Readers may have noticed that when the authors of the document define the role of men as the public sphere they mention law, politics, war, and power, but not religion. Why? Is it because they know that women held power as priestesses in Rome, not to mention Greece, Egypt, and Sumer? Or is it that they view the male priesthood of the Church as ordained by God rather than history? Why, I wonder, do they name war as a realm history has reserved to men, while not mentioning that women and children are always victims of war?

I have a twofold reaction to the view of sex and gender difference presented in the document.

On the one hand, it is clear that what its authors call “bio-physiological” differences between women and men are being used in the the document to justify the continuation of male dominance in public spheres in society and Church. Given that theories about difference can be used in this way, wouldn’t we be better off simply to label all discussions of male-female difference as essentialism rooted in sexism and to throw them into the dust bin of history?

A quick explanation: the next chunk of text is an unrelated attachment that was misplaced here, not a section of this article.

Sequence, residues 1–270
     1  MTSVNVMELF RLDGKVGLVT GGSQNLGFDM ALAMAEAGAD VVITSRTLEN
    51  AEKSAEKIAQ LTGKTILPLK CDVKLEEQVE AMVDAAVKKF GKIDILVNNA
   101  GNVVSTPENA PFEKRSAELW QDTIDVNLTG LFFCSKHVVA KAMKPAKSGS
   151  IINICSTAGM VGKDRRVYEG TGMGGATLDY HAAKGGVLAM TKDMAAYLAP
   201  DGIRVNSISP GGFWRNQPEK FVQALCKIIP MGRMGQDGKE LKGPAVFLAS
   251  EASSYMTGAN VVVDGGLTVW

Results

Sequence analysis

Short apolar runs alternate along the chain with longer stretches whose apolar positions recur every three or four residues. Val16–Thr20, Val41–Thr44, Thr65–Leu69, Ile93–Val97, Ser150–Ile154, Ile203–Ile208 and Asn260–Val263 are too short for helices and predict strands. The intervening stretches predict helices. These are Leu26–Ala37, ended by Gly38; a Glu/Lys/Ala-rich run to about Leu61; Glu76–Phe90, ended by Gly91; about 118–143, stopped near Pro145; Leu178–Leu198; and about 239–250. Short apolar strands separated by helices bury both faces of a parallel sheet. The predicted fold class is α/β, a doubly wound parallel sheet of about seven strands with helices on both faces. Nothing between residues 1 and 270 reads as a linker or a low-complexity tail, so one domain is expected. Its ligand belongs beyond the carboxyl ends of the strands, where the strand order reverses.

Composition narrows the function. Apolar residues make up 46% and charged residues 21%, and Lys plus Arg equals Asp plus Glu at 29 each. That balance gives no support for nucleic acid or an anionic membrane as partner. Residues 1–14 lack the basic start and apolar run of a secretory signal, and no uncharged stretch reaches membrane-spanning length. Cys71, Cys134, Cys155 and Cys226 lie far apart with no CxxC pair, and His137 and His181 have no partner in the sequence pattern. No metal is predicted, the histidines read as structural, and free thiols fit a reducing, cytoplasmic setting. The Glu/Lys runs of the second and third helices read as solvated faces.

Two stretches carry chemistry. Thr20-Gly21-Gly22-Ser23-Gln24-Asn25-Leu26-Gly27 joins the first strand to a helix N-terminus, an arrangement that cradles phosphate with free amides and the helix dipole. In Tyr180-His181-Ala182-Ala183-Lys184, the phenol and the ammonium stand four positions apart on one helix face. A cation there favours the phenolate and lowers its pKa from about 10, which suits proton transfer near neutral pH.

On the other hand, the authors’ statement about female difference as rooted in the mother-child relationship resonates my felt and reflected sense of different tendencies that do exist between boys and girls, women and men. The authors say:

It is the female universe that – due to a natural, spontaneous predisposition which could be called bio-physiological – has always looked after, conserved, nurtured, sustained, created attention, consent and care around the conceived child who must develop, be born, and grow.